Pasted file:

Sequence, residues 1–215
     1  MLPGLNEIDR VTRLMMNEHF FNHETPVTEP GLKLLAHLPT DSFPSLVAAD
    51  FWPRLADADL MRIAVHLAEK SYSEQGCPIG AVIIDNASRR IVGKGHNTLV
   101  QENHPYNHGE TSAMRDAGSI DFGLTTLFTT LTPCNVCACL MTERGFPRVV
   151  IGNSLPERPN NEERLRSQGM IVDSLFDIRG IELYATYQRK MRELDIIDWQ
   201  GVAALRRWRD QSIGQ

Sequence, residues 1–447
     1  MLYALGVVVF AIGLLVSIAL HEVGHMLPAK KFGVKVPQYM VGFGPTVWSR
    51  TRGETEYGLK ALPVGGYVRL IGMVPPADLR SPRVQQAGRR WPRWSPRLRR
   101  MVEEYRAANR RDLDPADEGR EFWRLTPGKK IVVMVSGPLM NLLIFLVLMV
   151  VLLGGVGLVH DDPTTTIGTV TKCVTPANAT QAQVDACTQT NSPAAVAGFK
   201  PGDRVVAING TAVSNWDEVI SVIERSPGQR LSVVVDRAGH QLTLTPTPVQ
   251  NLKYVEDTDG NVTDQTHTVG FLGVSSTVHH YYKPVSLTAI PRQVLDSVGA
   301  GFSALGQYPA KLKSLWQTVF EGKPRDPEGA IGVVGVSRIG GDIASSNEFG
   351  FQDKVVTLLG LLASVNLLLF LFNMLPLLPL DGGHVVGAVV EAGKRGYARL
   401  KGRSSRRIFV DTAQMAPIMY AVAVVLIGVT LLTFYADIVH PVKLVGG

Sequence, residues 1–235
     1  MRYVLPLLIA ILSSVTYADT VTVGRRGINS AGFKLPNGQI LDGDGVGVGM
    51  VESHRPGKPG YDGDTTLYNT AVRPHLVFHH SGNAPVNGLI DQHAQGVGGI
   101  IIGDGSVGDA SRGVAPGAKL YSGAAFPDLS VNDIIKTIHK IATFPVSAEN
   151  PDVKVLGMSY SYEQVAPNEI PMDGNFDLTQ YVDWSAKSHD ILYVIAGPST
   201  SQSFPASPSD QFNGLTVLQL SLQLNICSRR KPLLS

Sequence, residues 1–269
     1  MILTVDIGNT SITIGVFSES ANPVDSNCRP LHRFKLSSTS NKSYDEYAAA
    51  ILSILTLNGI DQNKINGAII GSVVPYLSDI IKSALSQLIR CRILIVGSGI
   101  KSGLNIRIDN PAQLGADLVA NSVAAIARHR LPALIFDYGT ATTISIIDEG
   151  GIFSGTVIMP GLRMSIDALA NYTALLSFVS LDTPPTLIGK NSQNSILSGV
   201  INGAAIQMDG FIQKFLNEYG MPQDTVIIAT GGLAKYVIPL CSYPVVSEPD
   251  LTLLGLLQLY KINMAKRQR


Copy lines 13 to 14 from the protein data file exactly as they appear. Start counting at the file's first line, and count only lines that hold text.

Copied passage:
   251  NLKYVEDTDG NVTDQTHTVG FLGVSSTVHH YYKPVSLTAI PRQVLDSVGA
   301  GFSALGQYPA KLKSLWQTVF EGKPRDPEGA IGVVGVSRIG GDIASSNEFG